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U.S. v. WADE

United States District Court, District of Columbia

March 24, 2000


The opinion of the court was delivered by: Lamberth, District Judge.


Pending are third-party intervenors Sheila Gant's, and Shelton, Angel, Jean, and Dorothy Wade's Petition for Payment of Attorney's Fees and Expenses pursuant to 28 U.S.C. § 2412(d) of the Equal Access to Justice Act ("EAJA") and the Hyde Amendment, Pub.L. No. 105-119, 111 Stat. 2440, 2519 (1997), to which the Government has filed its Response in Opposition. Having carefully considered the parties' written arguments, the supporting documentation before the Court, and the record herein, the Court will deny petitioners' request for attorney's fees and expenses.

I. Background

Beginning in 1994, the Washington Metropolitan Police Department received numerous complaints of drug trafficking in front of the rowhouse at 647 G Street, S.E., Washington D.C. See United States v. Wade, 992 F. Supp. 6, 8 (D.D.C. 1997). In response to these complaints, the Metropolitan Police initiated an investigation of the residence in October 1994. Id. The investigation documented the use of 647 G Street as a storage site for drugs and a locus for drug trafficking. Id. Undercover police purchased drugs, in front of 647 G Street, on multiple occasions from seven different individuals, including Charles and Love Wade. Id. In addition, drugs were recovered at the house during two police searches in 1995 and 1996. Id.

On December 19, 1996, Charles Wage, Eugene Wade, and their father, James Wade, among others, were charged with narcotics conspiracy and related offenses, including keeping a disorderly house in violation of D.C.Code § 22-2722. Id. at 9. On May 28, 1997, Charles Wade and his brother Eugene Wade pleaded guilty to conspiracy to distribute and to possess with intent to distribute cocaine base, in violation of 18 U.S.C. § 371; unlawful distribution of cocaine base, in violation of D.C.Code § 33-541; and maintenance of a disorderly house in the District of Columbia, in violation of D.C.Code § 22-2722. In their September 25, 1997 sentencing, the Court entered an order of abatement against 647 G Street, S.E., pursuant D.C.Code § 22-2717. On January 23, 1998, petitioners filed a motion for reconsideration, which the Court subsequently denied. On appeal, the order of abatement was vacated. See United States v. Wade, 152 F.3d 969 (D.C.Cir. 1998). Petitioners, intervening family members with possible equitable interests in the premises, then filed the pending application for attorney's fees and expenses pursuant to the Equal Access to Justice Act and the Hyde Amendment. They seek an award of $18,316.17.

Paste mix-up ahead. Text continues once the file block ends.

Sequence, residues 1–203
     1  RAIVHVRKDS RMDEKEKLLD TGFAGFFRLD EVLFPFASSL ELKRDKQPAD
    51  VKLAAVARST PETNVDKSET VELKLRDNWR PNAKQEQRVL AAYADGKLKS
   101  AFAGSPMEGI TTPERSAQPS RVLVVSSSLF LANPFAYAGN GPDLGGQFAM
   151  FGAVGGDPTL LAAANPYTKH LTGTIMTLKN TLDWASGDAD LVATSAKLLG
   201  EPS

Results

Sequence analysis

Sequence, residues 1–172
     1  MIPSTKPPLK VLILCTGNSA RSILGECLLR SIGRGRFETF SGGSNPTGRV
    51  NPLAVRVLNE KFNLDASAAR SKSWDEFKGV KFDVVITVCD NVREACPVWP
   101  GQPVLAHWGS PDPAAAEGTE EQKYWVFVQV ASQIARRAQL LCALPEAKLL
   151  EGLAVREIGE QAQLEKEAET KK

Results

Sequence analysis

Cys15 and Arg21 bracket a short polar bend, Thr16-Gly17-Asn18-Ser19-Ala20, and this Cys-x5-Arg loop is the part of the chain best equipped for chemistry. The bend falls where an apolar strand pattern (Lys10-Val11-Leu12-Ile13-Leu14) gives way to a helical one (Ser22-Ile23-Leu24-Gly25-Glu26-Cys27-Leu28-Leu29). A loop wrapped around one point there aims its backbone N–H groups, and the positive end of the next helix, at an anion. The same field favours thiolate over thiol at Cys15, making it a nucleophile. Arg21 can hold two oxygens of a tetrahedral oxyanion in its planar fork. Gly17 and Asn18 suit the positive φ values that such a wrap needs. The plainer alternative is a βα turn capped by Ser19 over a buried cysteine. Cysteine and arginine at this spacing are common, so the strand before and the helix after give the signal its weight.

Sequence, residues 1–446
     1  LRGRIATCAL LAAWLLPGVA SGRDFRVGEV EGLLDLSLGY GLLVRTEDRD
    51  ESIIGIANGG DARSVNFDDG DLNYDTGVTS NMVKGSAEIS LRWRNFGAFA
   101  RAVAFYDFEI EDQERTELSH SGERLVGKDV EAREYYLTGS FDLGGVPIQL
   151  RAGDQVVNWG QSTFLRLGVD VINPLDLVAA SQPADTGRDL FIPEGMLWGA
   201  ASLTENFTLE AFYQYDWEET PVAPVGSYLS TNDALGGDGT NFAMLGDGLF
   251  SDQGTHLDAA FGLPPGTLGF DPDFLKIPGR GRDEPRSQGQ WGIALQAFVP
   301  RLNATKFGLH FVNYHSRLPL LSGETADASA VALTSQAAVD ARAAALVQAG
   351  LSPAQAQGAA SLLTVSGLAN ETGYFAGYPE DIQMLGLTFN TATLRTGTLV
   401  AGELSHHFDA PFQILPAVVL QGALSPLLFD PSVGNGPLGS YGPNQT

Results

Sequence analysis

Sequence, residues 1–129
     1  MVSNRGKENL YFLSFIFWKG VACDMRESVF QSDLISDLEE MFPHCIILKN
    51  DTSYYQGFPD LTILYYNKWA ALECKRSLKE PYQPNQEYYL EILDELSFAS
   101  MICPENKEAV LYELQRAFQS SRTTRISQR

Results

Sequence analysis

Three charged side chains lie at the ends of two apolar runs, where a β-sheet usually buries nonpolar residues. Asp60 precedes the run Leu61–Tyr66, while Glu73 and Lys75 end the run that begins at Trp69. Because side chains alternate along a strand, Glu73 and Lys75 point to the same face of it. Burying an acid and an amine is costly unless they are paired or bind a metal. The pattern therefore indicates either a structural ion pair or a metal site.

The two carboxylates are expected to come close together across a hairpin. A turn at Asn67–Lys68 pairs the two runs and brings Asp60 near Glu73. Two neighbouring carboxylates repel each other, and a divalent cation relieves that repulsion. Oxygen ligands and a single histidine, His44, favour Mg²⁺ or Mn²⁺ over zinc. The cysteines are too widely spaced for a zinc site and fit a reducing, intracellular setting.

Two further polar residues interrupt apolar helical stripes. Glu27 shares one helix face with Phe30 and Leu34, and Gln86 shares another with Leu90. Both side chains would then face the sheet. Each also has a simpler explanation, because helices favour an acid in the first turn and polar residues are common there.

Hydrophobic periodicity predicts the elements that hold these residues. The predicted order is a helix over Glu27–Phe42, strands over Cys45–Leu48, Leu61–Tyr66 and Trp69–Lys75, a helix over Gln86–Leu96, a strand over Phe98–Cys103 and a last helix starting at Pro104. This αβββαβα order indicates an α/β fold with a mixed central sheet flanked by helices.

II. Discussion

1. Claim for Attorney's Fees and Expenses Under the Equal Access to Justice Act

Under sovereign immunity, the Government is free from attorney's fees liability "except to the extent it has waived its immunity." Ruckelshaus v. Sierra Club, 463 U.S. 680, 685, 103 S.Ct. 3274, 77 L.Ed.2d 938, (1983). The Equal Access to Justice Act ("EAJA") is one such waiver. The EAJA provides, in relevant part, that:

a court shall award to a prevailing party other than the United States fees and other expenses . . . incurred by that party in any civil action (other than cases sounding in tort) brought by or against the United States in any court having jurisdiction of that action, unless the court finds that the position of the United States was substantially justified or that special circumstances make an award unjust.

28 U.S.C. § 2412(d)(1)(A).

The plain language of the statute clearly limits this waiver of sovereign immunity to "civil cases other than cases sounding in tort". Id. Nevertheless, petitioners argue that this waiver should be extended to criminal cases.

The Court "must `construe waivers of immunity strictly in favor of the sovereign'". Sierra Club, 463 U.S. at 685, 103 S.Ct. 3274, (quoting McMahon v. United States, 342 U.S. 25, 27, 72 S.Ct. 17, 96 L.Ed. 26 (1951)). Therefore, the Court may not create a waiver where one is not "unequivocally expressed" by Congressional intent. United States v. Mitchell, 445 U.S. 535, 538, 100 S.Ct. 1349, 63 L.Ed.2d 607, (1980). Petitioners, however, wish the Court to construe a waiver for their third-party intervention in a criminal sentencing proceeding, arguing that as an "in rem proceeding", the abatement is not a criminal action. Pet. Motion at 4.

As the Court of Appeals for this Circuit has yet to decide this issue, petitioners cite cases that involve the awarding of attorney's fees, under the EAJA, to third-party intervenors in criminal forfeitures. These cases, however, are neither authoritative nor on point. Beyond the difference in permanence between forfeiture and abatement, these cases involve action under the narrow statutory auspices of 21 U.S.C. § 853(n), which, according to its legislative history, was considered an "essentially civil" ancillary proceeding. United States v. Douglas, 55 F.3d 584, 586 n. 9 (11th Cir. 1995).